Science fiction franchise Star Trek has had a major impact on pop culture since The Original Series was first broadcast on television in 1966. Since then, there have been many spin off television series, films, comic books, and plenty of merchandise.
The sheer cultural impact of the Star Trek franchise is reflected in how the dialogue associated with it has become a part of everyday American vernacular. Whether you recognize it or not, it’s very common to hear references to Star Trek on other television shows, movies and even in your day to day life. Let’s discuss some famous catchphrases the Star Trek TV series and movies have given us.
“Live Long and Prosper”
The Vulcan greeting along with the finger-separating hand gesture first made it to the screen in the second season of Star Trek: The Original Series, in the episode Amok Time. Actor Leonard Nimoy, who played the character of the Vulcan Spock, made public that the gesture and phrase were his ideas, derived from Orthodox Jewish blessings from his childhood.
In the second season, in the episode titled The Omega Glory, Spock deemed the actions of the native inhabitants of planet Omega IV “highly illogical.” Before this, it had either been “illogical” or “most illogical,” until he witnessed a pair of natives attacking Kirk in a jail cell. The phrase would go on to be repeated in several more episodes as well as the films that followed and J.J. Abrams’ reboot of the franchise.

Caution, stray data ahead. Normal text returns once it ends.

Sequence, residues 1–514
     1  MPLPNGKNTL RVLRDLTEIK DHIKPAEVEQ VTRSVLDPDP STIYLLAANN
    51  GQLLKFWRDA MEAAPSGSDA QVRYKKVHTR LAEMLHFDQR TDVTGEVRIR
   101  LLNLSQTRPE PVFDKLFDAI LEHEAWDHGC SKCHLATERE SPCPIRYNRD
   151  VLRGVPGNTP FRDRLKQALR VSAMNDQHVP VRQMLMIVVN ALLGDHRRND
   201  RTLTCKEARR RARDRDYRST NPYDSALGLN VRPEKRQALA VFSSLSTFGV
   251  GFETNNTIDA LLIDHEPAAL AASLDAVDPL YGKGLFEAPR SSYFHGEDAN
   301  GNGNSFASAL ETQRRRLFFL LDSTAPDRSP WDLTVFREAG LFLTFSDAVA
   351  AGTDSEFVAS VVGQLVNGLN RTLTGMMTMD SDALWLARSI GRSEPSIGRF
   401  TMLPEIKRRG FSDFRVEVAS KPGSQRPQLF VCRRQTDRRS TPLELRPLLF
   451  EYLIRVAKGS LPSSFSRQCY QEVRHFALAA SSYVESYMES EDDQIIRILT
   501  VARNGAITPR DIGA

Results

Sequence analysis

“Beam me up, Scotty”
The phrase was used as a request directed to Chief Engineer Montgomery “Scotty” Scott for transporting back to the USS Enterprise. However, the interesting thing is that it was never uttered in either of the TV series or movies. The command used was either “Three to beam up,” “Beam them up” or “Beam us up, Scotty,” as aired in a few episodes of the Star Trek animated series. Despite this fact, the phrase of often repeated. Author William Shatner did say these lines while reading the audio version of his book “Star Trek: The Ashes of Eden.”
“I’m a doctor, not a…”
The first season episode titled The Devil in the Dark had DeForest Kelley uttering his famous catchphrase as we now know it. He lets Kirk know that he is a doctor, not a bricklayer. However, the full line that shot to popularity and would be used in every subsequent Star Trek installment was – “I’m a doctor, not a physicist!”
“Make it so”
It was Captain Jean Luc Picard’s signature line from Star Trek: The Next Generation. Actor Patrick Stewart uttered it in the pilot episode of Encounter at Farpoint. Gene Roddenberry wrote the line for Picard, but the phrase had been in use in military circles for quite some time then.
Iconic movies and television shows have a way of making their mark on pop culture and daily life. Star Trek is one of these, and the common use of these catchphrases are a sign of how big its impact really was.